Last Call Review of draft-ietf-dmarc-interoperability-14
review-ietf-dmarc-interoperability-14-secdir-lc-turner-2016-06-17-00

Request Review of draft-ietf-dmarc-interoperability
Requested rev. no specific revision (document currently at 18)
Type Last Call Review
Team Security Area Directorate (secdir)
Deadline 2016-06-14
Requested 2016-05-26
Authors Franck Martin, Eliot Lear, Tim Draegen, Elizabeth Zwicky, Kurt Andersen
Draft last updated 2016-06-17
Completed reviews Genart Last Call review of -14 by Peter Yee (diff)
Genart Telechat review of -16 by Peter Yee (diff)
Secdir Last Call review of -14 by Sean Turner (diff)
Assignment Reviewer Sean Turner
State Completed
Review review-ietf-dmarc-interoperability-14-secdir-lc-turner-2016-06-17
Reviewed rev. 14 (document currently at 18)
Review result Ready
Review completed: 2016-06-17

Review
review-ietf-dmarc-interoperability-14-secdir-lc-turner-2016-06-17

I have reviewed this document as part of the security directorate's ongoing effort to review all IETF documents being processed by the IESG. These comments were written primarily for the benefit of the security area directors.  Document editors and WG chairs should treat these comments just like any other last call comments.

This informational draft describes interoperability issues between DMARC and indirect email flows as well as possible methods for addressing these interoperability issues.  Indirect email flows are messages that do not flow directly from the author's administrative domain to the final recipient(s).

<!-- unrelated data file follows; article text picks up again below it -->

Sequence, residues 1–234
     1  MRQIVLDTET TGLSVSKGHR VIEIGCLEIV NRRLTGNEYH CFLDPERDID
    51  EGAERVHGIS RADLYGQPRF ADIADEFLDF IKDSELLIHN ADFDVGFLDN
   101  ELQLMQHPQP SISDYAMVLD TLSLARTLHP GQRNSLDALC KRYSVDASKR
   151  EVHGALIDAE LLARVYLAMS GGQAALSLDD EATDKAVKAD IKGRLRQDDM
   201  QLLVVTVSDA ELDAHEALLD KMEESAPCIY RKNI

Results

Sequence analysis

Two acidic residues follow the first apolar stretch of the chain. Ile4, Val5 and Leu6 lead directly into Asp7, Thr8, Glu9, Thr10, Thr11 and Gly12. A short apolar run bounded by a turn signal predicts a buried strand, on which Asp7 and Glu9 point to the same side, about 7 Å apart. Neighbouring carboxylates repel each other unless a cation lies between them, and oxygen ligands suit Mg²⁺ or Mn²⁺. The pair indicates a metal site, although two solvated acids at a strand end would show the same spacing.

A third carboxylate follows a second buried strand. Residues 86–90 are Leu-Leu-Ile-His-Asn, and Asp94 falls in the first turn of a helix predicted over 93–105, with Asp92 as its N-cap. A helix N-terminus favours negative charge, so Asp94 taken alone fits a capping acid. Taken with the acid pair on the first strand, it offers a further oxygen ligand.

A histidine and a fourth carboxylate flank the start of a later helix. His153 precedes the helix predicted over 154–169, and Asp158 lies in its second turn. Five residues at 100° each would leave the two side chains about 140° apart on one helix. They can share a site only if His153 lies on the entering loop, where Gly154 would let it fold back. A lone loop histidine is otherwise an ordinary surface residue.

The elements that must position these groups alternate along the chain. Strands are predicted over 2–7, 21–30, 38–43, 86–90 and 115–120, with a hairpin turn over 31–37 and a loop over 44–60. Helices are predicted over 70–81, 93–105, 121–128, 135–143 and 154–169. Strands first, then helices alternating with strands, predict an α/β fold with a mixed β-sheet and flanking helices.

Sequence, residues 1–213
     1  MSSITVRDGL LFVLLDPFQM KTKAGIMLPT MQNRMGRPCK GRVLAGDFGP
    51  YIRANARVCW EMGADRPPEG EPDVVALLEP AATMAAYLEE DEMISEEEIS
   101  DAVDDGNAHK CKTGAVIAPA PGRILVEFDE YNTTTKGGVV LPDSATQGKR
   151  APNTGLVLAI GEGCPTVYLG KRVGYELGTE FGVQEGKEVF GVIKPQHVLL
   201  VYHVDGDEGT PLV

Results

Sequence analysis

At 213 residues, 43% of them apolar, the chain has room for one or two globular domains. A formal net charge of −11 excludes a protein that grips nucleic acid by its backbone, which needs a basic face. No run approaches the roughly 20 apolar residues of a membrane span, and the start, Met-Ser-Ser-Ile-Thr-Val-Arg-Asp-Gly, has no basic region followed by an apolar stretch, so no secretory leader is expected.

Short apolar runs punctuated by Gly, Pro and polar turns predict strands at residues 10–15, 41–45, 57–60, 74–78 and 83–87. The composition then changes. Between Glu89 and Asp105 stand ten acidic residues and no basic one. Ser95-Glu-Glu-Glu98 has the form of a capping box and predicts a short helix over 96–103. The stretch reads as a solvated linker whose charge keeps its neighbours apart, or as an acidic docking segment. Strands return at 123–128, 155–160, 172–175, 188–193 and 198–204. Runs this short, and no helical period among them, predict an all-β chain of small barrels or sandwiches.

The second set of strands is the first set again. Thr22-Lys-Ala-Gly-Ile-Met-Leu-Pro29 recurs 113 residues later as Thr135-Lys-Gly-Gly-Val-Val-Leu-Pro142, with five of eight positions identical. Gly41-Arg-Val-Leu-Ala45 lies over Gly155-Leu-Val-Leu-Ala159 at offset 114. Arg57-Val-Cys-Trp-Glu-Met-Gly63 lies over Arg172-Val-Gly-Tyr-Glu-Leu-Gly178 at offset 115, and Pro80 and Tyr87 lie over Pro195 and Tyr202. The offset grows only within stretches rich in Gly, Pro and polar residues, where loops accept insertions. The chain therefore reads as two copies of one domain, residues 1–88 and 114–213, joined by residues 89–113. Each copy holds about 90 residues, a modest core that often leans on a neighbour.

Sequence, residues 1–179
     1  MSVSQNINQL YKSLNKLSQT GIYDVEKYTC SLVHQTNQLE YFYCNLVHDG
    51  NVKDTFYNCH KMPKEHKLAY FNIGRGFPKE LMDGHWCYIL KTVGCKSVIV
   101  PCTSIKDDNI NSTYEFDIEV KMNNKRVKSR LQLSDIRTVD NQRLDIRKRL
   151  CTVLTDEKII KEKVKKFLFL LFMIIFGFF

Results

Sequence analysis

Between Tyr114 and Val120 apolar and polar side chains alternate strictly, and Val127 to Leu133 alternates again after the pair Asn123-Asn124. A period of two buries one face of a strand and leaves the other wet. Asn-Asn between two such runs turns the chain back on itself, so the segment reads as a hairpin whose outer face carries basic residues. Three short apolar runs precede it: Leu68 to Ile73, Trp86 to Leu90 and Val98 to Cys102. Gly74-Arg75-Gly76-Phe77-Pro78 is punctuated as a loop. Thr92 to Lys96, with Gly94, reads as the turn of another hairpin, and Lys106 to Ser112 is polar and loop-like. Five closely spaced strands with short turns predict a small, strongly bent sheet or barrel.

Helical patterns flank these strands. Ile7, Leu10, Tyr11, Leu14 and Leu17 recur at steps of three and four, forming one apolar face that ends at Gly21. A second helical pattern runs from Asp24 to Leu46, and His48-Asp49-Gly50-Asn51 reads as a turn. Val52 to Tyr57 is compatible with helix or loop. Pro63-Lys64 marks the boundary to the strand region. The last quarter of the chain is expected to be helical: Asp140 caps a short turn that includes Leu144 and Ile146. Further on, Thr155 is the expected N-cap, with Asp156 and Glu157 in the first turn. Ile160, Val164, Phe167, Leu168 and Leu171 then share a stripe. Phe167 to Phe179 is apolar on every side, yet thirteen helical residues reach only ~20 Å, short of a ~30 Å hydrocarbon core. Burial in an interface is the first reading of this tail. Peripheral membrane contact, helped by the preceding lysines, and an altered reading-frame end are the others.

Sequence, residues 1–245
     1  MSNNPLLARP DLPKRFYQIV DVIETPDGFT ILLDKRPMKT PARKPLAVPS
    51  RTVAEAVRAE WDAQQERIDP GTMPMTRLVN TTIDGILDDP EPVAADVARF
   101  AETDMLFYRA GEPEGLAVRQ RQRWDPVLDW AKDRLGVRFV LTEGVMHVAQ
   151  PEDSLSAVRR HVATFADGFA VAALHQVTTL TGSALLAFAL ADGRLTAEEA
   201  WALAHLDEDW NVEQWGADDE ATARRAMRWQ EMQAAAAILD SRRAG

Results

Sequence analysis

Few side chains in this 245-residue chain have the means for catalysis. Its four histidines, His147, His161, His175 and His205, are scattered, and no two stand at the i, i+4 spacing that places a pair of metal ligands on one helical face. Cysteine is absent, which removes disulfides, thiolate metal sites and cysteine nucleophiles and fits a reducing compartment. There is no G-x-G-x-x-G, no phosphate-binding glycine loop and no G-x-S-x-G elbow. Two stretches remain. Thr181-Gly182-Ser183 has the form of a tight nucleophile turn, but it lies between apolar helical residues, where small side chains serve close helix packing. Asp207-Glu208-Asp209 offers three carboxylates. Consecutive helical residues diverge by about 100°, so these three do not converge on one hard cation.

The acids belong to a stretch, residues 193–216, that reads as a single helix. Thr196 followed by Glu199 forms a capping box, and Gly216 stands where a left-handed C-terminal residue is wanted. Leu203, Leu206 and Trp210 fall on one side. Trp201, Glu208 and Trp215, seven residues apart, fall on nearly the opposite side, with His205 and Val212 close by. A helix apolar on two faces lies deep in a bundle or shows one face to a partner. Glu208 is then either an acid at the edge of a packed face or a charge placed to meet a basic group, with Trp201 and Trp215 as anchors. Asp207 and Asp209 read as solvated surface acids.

Summary: I think it’s ready, but just wanted to check on one thing.  The difference between the following sentences in s1 and s4:

s1:  Note that some practices which are in use at the time of this document may or may not be "best practices", especially as future standards evolve.

s4: Note that these particular mechanisms may not be considered "best practices" and may, in some cases, violate various conventions or expectations.

made me wonder whether the two identified sections in the security considerations are the only sections that contain text that "violates various conventions or exceptions".  I don’t want wanting to grind the security axe on eMail, DKIM, SPF only on what’s changed.


Ramblings follow:

Rave:

Appreciate that this wasn’t trying to be passed off as a BCP and that there’s no 2119-language.

Appreciate your examples using TLS1.2 and at-this-time-known-to-be-good algorithms.

Rant:

s1 2nd para could probably be deleted.  It sounds a lot like marketing to me :)

Nits:

I found some.  Peter found way more so look for his GenArt review.

spt